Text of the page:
Inverted Priorities of the People [1:3-4].  In response to the claim that the time was not right for rebuilding the temple, Haggai asks in the Lord’s behalf how it could be that the time was right for building their private dwellings. The prophet’s use of the word time at the beginning of verse 4 resumes the people’s reference to time in verse 2. The question is rhetorical. Rather, by means of an interrogative the prophet hints at the indignation he feels toward the callused display of selfish interests on the part of the people. His point is that it is repulsive to suggest that it is not yet time to rebuild the temple while at the same time suggesting that it is time to undertake building projects that contribute to their personal security and comfort. The question invites reflection on priorities. Whose interests were most important to them – their own or those of their God? The Hebrew wording used in verse 4 calls attention to the one-sided nature of their interests. By using the same word to refer both to individual homes and to the temple, Haggai stresses the inappropriate priorities of the people. If a choice is to be made with regard to which of the two “houses” should be built first, does it not stand to reason that the Lord’s wishes should take precedence over their own? Such is the logical basis of the prophet’s complaint.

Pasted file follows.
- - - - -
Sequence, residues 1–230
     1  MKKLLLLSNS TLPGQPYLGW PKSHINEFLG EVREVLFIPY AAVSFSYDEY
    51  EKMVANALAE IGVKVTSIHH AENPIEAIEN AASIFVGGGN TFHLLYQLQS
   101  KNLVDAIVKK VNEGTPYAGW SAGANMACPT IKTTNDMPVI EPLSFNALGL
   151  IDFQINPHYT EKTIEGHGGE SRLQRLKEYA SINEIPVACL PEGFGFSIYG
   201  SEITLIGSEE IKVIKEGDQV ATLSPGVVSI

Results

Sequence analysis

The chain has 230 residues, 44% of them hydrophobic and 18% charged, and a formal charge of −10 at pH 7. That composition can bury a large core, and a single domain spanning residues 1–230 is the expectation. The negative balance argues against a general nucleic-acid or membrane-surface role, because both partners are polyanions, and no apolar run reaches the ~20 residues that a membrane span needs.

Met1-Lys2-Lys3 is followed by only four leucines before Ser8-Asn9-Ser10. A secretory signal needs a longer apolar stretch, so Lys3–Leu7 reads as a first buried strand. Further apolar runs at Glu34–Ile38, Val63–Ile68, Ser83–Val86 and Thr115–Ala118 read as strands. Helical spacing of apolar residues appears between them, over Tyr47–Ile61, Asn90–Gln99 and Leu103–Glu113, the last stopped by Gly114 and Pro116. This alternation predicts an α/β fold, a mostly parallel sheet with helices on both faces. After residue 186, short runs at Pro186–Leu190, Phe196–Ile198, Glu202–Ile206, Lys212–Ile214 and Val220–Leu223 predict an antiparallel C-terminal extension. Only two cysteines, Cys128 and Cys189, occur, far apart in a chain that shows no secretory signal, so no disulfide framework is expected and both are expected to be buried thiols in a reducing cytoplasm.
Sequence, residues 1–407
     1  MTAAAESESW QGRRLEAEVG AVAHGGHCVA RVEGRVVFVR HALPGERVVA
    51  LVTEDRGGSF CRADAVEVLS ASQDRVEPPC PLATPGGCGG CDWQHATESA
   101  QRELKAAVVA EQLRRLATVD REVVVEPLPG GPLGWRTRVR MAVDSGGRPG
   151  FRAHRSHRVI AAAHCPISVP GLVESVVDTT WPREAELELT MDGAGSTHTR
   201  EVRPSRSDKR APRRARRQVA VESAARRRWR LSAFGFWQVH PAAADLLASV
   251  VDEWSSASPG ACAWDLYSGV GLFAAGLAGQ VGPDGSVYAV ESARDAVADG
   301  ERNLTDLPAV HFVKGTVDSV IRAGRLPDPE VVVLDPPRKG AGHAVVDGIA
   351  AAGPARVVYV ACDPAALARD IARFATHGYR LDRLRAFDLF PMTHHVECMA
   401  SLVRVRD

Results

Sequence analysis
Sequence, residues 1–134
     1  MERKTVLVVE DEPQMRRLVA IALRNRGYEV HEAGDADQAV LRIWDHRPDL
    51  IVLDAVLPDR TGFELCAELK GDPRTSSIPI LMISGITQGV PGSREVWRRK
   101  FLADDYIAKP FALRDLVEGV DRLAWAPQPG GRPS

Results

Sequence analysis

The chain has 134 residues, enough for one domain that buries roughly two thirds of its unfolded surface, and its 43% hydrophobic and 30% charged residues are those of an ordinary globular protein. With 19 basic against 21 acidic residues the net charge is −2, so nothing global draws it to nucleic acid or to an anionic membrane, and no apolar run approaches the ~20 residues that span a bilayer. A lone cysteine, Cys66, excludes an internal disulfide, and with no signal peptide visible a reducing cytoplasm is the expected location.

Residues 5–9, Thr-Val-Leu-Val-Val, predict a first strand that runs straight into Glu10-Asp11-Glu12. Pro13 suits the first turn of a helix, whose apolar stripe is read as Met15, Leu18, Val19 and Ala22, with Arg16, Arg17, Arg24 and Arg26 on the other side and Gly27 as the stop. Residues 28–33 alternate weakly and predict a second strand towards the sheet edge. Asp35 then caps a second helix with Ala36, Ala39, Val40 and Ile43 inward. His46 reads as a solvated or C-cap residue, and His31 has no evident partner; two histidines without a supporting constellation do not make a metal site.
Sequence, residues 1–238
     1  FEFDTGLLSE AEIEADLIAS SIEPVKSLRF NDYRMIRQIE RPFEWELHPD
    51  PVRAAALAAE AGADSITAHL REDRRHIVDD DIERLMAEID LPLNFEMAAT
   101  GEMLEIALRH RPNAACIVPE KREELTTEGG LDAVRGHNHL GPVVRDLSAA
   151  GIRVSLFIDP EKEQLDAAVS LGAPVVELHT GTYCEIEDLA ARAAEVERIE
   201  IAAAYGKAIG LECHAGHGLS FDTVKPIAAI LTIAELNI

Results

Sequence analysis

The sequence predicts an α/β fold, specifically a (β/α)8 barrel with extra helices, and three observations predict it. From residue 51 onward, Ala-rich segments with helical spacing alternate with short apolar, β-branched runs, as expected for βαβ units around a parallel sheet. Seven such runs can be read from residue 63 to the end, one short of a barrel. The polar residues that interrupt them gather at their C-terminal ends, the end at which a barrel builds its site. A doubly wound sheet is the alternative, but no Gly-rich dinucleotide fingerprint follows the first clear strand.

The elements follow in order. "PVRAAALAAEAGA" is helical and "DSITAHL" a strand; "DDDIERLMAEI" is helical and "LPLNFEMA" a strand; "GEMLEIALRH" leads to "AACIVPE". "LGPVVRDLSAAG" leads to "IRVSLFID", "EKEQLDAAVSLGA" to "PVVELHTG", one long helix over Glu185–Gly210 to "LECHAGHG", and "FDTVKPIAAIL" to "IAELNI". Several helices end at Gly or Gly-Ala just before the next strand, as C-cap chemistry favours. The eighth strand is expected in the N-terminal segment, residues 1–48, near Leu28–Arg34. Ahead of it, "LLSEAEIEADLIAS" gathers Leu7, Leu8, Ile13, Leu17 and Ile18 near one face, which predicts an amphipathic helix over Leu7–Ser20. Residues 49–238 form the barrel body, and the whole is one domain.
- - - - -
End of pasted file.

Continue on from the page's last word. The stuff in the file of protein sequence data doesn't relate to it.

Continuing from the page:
Unsuccessful Efforts of the People [1:5-6].  In verse 5 the prophet once again stresses the divine origin of the prophetic word: Now, therefore, thus says the Lord of hosts. He urges the people to Consider your ways, suggesting that it is their religious failures that have triggered their economic misfortunes. The expression is a negative one, suggesting that their ways or paths have deviated from behavior characterized by integrity and obedience. Things were not as they should be. As described in verse 6, the people were caught in a web of diminishing return for their dogged efforts to provide life’s necessities. Five areas of economic failure are singled out in verse 6. The impact of such dismal conditions as Haggai describes had clearly taken a huge toll on the outlook and perspective of the people. Not being able to provide for even the basic necessities of life, how could they be expected to underwrite the significant financial costs and labor demands of an expensive project such as the temple?